Kampala, Uganda | URN | President Yoweri Museveni and First Lady Janet Museveni on Saturday 27, March 2021 were vaccinated against the coronavirus disease (COVID-19) at State House Nakasero.
The media was unusually not invited to grace the occasion, but pictures provided by the Presidential Press Unit (PPU), show Mr Museveni being vaccinated alongside wife Janet Museveni also the Education and Sports minister with unseen people heard clapping in the background.
According to State House and Minister of Health Jane Ruth Aceng, Museveni and his wife were vaccinated against COVID-19 using the Astrazeneca vaccine. The first son Muhoozi Kainerugaba was also vaccinated earlier about two weeks ago as he launched the vaccination exercise for the Special Forces Command (SFC).
Earlier reports for which Mr Museveni has sued the Daily Monitor newspaper indicated that Mr Museveni and his ‘inner circle’ had already been secretly vaccinated against COVID-19 with the Chinese vaccine, Sinopharm – long before Uganda had even received its first dozes of the coronavirus vaccine.
The report which was originally published by the US-based Wall Street Journal also indicated that leaders from the Philippines and Peru had equally been vaccinated as China tried to market its vaccine across the globe.
Museveni demanded a front-page apology from Daily Monitor for what he called a deliberate malicious publication to taint him before Ugandans as being selfish and individualistic. The apology never came and instead, the newspaper made a clarification about the said report, prompting Museveni to sue for unspecified damages.
About three weeks ago, while addressing the nation, Museveni had also indicated reservations about the AstraZeneca vaccine, saying his medical team was still studying the other vaccines to see which one was best suited for him. He also said, in any case, he is well protected from the virus by the system and that he had decided to offer his jabs to the frontline workers such as health workers, security officers and teachers who are more at risk.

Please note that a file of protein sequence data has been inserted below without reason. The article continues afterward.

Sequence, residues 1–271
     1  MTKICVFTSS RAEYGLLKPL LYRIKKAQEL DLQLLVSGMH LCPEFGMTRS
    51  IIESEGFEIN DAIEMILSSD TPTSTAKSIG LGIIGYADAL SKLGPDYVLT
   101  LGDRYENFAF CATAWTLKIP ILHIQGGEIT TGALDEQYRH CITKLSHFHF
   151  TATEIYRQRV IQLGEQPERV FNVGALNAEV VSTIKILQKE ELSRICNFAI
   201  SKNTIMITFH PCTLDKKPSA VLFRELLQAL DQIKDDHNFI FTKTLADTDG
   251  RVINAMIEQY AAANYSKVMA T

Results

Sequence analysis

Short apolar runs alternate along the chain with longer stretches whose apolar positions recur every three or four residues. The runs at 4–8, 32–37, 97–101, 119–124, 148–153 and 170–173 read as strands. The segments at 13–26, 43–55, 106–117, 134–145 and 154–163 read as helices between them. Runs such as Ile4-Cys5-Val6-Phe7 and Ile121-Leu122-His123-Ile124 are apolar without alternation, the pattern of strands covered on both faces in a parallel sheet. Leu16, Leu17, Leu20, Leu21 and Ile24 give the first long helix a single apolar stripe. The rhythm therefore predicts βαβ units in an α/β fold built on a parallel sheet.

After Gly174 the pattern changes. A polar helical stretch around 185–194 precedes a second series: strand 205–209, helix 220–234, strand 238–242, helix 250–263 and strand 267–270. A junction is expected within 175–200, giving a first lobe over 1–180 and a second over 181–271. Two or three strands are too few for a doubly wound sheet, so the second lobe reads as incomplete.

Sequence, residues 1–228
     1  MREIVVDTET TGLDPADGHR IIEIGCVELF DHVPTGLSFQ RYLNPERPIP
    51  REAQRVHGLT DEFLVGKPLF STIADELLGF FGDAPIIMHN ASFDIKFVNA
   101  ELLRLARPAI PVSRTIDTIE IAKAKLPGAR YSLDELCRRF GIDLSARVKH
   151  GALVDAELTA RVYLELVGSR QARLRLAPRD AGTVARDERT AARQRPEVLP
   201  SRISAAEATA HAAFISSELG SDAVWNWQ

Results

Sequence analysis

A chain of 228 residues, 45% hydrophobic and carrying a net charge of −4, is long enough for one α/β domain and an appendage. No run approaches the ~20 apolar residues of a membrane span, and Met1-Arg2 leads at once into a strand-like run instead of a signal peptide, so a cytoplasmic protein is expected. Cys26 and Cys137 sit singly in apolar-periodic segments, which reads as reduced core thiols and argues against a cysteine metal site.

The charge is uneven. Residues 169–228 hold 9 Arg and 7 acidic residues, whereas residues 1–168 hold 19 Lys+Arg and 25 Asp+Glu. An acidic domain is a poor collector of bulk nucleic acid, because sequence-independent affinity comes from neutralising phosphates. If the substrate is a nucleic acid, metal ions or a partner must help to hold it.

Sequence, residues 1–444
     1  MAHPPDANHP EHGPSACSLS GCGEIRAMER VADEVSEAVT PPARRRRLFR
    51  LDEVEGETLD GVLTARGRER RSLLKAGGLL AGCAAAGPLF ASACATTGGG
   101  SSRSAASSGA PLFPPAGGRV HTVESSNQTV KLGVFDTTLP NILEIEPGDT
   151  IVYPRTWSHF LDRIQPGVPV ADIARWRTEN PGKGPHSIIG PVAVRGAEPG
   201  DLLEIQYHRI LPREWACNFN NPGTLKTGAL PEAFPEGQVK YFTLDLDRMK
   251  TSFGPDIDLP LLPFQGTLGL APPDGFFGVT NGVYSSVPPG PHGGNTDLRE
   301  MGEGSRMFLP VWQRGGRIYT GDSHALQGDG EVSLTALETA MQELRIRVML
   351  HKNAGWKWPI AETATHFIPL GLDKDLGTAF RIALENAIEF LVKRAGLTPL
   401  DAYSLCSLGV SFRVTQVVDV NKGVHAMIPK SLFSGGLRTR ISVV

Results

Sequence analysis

Museveni said he decided to take the AstraZeneca vaccine because he was convinced by the experts about its effectiveness in guarding against severe sickness and death despite its ineffectiveness against the Brazillian and South African variants.
Uganda President Yoweri Museveni, First Lady gets AstraZeneca COVID-19 vaccine
This week, the government announced that they have altered their vaccine schedule and plan from vaccinating initially 482,000 people using the 964,000 doses donated by the COVAX Facility as they wait for more vaccines. Each individual was to be given two jabs eight weeks apart but now all the 964,000 doses will be administered all at once.
The vaccination exercise has not been fully embraced by most Ugandans across the country with only about 40,000 vaccinated so far as of March 27.
Ugandans have waited patiently to see if the president would publicly get vaccinated with the AstraZeneca COVID-19 vaccine as has been in other countries such as Rwanda, South Africa to instill public confidence and assurance about the safety of the vaccine amidst fears and myths and misconceptions surrounding the vaccines.
Reviews by the World Health Organisation (WHO) have found that the available data does not show a link between the increase in clotting condition such as deep venous thrombosis or pulmonary embolism and the AstraZeneca vaccine.
After taking his jab, Museveni reminded the public to keep observing the standard operating procedures of wearing a mask, keeping a two-meter distance between people while in public, washing hands, sanitising and avoiding mass gatherings to keep the coronavirus at bay.